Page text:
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The Role of Perspective-Taking on Ability to Recognize Fear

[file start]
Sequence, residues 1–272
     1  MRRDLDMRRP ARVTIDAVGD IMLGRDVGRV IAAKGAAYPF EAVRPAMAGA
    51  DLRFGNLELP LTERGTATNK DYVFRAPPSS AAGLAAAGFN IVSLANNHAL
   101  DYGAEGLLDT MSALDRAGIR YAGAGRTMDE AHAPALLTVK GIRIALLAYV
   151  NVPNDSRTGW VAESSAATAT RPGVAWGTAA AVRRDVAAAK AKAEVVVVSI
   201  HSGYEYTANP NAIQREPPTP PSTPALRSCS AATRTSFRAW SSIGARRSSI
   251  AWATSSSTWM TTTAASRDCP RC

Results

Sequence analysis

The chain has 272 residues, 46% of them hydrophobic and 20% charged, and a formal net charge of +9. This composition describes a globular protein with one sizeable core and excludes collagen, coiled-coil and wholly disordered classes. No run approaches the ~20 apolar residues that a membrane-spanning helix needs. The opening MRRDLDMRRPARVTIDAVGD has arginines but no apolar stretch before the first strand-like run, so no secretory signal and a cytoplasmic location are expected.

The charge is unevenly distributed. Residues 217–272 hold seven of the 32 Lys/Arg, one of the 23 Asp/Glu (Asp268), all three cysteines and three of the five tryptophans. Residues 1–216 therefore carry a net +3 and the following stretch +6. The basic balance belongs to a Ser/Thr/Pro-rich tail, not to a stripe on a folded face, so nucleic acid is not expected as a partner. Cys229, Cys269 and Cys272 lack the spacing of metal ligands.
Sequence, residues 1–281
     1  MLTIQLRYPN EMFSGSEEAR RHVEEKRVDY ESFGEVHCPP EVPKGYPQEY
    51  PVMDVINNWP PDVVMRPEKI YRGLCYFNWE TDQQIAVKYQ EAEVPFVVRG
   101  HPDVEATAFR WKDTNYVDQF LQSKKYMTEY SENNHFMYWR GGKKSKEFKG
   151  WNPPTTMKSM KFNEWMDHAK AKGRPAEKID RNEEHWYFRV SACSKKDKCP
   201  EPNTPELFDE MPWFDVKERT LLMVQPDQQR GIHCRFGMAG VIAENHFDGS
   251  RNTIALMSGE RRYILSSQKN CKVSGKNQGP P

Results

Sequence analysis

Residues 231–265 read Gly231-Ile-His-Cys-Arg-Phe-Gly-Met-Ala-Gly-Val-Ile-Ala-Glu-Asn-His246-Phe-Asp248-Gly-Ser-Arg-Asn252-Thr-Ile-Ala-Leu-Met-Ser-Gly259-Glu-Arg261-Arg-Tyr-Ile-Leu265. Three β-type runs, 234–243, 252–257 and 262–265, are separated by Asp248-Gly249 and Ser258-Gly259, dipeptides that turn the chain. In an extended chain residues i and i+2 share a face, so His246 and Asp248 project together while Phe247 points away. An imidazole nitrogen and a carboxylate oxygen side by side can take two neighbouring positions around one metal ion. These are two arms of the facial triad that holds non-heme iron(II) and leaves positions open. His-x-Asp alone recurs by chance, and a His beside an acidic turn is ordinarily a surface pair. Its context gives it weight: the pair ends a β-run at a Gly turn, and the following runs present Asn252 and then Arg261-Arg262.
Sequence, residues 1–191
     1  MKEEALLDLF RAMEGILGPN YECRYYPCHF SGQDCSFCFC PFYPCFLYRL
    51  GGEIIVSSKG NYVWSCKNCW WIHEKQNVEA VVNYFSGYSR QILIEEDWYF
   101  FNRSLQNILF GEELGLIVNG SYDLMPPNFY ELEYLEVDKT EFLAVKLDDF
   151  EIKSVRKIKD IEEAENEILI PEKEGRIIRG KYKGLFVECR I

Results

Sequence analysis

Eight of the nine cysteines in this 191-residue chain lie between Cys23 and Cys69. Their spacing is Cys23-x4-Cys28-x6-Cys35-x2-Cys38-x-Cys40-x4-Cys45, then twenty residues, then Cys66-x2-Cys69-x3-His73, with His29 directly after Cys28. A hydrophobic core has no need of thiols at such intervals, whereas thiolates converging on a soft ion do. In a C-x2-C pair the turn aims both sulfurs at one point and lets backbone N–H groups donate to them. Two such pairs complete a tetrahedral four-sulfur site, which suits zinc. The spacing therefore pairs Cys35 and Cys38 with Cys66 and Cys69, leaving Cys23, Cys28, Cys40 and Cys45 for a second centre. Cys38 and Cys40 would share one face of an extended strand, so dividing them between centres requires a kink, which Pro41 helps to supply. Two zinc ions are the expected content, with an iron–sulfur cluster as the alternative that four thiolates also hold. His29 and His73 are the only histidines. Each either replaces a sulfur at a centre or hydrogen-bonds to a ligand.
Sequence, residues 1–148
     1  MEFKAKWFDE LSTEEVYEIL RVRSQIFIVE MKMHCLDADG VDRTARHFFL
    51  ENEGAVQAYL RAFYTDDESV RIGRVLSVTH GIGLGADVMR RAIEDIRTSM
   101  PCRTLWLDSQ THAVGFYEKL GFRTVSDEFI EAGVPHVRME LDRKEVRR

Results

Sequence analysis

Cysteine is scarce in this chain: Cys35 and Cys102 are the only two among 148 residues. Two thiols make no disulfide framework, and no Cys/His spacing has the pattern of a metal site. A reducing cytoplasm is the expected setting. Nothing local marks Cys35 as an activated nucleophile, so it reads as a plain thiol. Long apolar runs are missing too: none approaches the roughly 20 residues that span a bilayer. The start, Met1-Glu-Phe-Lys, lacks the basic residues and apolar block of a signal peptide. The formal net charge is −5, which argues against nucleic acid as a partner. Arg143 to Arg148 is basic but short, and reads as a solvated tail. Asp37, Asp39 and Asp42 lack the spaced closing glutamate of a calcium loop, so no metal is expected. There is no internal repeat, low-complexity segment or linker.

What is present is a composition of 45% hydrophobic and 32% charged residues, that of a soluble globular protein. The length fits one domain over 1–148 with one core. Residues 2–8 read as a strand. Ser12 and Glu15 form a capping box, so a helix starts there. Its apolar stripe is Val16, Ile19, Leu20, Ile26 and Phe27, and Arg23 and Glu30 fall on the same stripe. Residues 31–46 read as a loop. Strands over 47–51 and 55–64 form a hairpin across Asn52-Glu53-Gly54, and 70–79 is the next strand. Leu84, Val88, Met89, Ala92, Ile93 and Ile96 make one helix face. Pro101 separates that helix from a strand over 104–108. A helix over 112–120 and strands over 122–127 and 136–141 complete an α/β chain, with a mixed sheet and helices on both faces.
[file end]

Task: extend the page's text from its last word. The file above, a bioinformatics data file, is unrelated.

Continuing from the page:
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Impairment in the ability to detect certain emotions, such as fear, is linked to multiple disorders and follows a pattern of interindividual variability and intra-individual stability over time. Deficits in fear recognition are often related to social and interpersonal difficulties but the mechanisms by which this processing deficit might occur are not well understood. One potential mechanism through which impaired fear detection may influence social competency is through diminished perspective-taking, the ability to perceive and consider the point of view of another individual. In the current study, we hypothesized that intraindividual variability in the accuracy of facial emotion recognition is linked to perspective-taking abilities in a well-characterized, non-clinical adult sample. Results indicated that the ability to accurately detect fear in the faces of others was positively correlated with perspective-taking, consistent with initial hypotheses. This relationship appeared to be unique to recognition of fear, as perspective-taking was not significantly associated with recognition of the other basic emotions. Results from this study represent an initial step towards establishing a potential mechanism between some processes of FER and perspective-taking difficulties. It is important to establish the relationship between these processes in a non-clinical adult sample so that we can consider the possibility of a developmental or pathological influence of impoverished perspective-taking on fear perception.